Local breweries continue to put their own modern twist on beer while connecting with the community

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In a changing world full of overwhelming technology, nostalgia can drive people to hold onto tradition. Evansville is a place of rich history and the community and its rituals are connected by one standout product—beer.

The history of beer in Evansville goes back as far as the city’s German roots. Evansville was well

known in its early days for its many successful breweries. The first major brewing company, known as Old Brewery, opened in 1837, jump-starting the beer business in Evansville.

F.W. Cook Brewing Co.followed in 1853 and the Evansville Brewing Association formed in 1894. The Association, which changed its name to Sterling Brewery in 1918, consisted of several small breweries joining together to compete with Cook.

There is now a generation of drinkers who have grown up with local craft beers.

While Cook and Sterling were successful for decades, both breweries ultimately closed down. Each company tried to sell as much product as it could in as big of an area as possible. Modern breweries have taken a different approach to adapt to the market in Evansville: keeping it local and adding a unique twist.

Turoni’s laid the foundation for the city’s evolving brewery culture. The Main Street location opened in 1963 as a pizzeria and added a brewery in 1996. The restaurant is now classified as a brewpub, an establishment that combines the family-friendly pub-style restaurant with an independent brewery.

Tom Turner, Turoni’s owner and former head brewer, said his parents were inspired by a brewpub they visited on a trip to Florida. After researching brewpubs in cities like Nashville and Indianapolis, the Turners decided to bring the craft beer movement to Evansville.

“The beer just went hand in hand with pizza,” Turner said. “I think it was the right fit at the right time for Evansville.”

The Evansville community agreed—beer made Turoni’s even more popular. The original restaurant has expanded four times and in 2010 the Turners opened a third location in Newburgh. Despite their success, they had to work through a tough learning Process.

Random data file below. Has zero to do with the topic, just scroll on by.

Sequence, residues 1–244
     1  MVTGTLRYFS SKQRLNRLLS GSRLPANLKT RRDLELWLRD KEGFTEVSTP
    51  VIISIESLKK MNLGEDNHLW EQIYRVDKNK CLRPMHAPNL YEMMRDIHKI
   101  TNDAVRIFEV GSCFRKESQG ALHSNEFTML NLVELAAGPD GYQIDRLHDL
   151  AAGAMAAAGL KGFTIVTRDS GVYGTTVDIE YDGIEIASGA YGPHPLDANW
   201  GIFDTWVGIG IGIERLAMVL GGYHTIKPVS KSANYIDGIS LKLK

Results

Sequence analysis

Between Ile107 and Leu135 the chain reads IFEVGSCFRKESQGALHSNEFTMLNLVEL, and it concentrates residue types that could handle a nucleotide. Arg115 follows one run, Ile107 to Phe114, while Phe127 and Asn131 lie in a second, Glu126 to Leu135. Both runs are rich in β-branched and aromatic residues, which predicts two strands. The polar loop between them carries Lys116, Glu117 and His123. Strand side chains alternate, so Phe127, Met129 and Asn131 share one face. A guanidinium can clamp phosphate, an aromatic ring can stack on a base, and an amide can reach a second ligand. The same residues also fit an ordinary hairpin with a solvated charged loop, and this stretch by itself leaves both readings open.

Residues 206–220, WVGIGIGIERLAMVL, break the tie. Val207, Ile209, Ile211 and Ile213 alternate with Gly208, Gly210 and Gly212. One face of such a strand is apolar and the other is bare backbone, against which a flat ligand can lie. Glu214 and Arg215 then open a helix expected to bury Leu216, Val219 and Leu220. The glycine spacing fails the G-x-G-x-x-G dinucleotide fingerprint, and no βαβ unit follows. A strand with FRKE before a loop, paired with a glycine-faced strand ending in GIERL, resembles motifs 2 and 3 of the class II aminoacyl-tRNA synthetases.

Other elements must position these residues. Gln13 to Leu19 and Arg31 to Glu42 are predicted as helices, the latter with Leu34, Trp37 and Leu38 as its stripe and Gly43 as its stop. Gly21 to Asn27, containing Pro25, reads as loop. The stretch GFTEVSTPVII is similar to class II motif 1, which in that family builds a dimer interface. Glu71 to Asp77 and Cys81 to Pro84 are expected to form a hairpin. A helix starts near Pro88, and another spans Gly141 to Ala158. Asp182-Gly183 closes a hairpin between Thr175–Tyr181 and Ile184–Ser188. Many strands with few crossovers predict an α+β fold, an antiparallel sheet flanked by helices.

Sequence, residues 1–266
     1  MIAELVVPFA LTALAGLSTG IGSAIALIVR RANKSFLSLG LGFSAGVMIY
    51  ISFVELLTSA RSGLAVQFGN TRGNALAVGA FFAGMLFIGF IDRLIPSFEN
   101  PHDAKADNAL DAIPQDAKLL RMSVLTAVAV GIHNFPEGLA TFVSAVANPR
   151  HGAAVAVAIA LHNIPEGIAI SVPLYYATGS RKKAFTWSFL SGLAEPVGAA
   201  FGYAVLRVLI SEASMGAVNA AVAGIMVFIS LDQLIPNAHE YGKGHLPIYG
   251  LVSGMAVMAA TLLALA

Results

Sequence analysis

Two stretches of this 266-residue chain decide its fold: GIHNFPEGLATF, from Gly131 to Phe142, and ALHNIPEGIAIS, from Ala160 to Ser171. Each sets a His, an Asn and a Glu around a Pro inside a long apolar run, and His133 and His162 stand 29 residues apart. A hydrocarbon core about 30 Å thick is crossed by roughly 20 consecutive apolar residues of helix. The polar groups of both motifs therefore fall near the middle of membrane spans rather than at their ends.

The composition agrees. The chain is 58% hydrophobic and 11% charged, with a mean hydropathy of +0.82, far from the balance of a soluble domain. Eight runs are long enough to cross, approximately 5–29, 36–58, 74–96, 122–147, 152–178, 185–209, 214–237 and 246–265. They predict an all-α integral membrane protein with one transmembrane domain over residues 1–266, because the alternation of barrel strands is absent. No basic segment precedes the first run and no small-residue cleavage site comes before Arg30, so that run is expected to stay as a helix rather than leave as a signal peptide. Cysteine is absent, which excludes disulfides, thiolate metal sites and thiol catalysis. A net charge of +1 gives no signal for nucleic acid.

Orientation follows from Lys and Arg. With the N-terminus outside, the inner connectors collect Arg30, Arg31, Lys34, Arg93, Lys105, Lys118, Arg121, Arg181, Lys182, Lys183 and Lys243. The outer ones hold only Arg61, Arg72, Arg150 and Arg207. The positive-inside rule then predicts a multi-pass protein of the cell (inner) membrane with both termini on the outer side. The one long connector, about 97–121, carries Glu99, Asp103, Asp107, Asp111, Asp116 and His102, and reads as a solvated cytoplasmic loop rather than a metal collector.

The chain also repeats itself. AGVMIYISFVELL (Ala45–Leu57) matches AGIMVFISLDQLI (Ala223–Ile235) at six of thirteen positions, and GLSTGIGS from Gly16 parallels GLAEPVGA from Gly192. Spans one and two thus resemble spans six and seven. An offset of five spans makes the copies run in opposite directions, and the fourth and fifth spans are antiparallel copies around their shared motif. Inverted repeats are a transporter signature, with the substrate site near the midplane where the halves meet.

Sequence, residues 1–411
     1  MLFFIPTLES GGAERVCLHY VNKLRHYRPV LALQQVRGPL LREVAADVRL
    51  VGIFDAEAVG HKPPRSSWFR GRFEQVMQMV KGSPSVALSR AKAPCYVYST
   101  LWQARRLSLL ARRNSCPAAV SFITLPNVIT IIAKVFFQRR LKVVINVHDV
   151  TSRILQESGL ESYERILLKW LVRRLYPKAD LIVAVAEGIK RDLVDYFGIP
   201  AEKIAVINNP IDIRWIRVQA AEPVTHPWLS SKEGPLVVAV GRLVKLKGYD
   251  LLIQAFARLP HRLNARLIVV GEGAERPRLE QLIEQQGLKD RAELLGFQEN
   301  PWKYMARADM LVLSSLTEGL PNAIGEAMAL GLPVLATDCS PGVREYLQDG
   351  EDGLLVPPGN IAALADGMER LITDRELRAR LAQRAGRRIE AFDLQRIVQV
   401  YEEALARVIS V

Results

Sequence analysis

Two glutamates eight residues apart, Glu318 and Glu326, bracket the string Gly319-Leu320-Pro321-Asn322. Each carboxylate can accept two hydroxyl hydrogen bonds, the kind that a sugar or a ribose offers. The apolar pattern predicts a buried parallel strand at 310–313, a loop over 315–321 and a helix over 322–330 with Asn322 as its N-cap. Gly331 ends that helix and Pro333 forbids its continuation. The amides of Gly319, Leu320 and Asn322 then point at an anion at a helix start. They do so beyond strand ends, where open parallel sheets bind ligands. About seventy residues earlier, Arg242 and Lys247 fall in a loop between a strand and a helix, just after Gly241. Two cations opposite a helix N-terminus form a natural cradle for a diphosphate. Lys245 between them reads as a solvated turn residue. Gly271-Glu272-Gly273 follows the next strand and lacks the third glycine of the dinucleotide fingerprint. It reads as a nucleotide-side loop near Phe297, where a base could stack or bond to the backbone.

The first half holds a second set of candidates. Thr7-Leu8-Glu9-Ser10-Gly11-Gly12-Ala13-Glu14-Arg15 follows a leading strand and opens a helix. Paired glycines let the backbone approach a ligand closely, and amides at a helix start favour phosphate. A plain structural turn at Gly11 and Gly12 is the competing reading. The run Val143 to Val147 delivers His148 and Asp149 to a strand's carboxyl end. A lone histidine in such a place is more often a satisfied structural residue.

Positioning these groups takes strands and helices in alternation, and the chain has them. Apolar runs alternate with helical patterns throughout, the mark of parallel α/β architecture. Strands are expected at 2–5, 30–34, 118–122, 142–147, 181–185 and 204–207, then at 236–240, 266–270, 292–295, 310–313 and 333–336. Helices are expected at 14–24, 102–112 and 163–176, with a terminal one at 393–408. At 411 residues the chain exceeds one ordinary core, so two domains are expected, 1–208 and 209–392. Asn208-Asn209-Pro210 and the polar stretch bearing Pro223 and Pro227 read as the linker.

In the 1990s, Turoni’s beer could be found at other breweries and restaurants like Hooters and the now closed Fast Eddy’s. As demand grew the brewers struggled to keep up. Turner said they chose to start selling beer only at Turoni’s locations. “The goal is to produce a quality beer to go along with our fresh pizza,” he said.

As craft beer and brewpubs continued to grow in popularity across the country, more local breweries followed the Turners’ lead and opened in Evansville. Carson’s Brewery officially launched in 2013, followed by Maidens Brewery and Pub in March 2018. Both breweries were inspired by the same love of beer and local quality product that worked for Turoni’s, but each owner took their brewery in their own direction.

Jason Carson, owner of Carson’s, said he considered locations for a brewpub, but as with Turoni’s, Carson had to make a choice about distribution due to the high demand for his product. He decided to stick with a taproom.

“We want to focus on the quality of the product we offer,” he said.

On the other hand, John Mills, owner of Maidens, has wanted to open his own brewpub since he was 21 years old. Maidens beer can be found in some local restaurants and patrons can purchase a Crowler, a 32-ounce to-go can of beer. But Mills said his goal is for the beer to be enjoyed at the pub.

The success of these craft breweries is no coincidence. Like their beer, they come in various shapes and styles but each ultimately has the same goal—providing quality fresh beer to their local community. While it may seem like an easy task, not every brewery lasts. Tin Man Brewing Co., a once popular brewery, closed its taproom in 2018. There is no set recipe for local brewery success.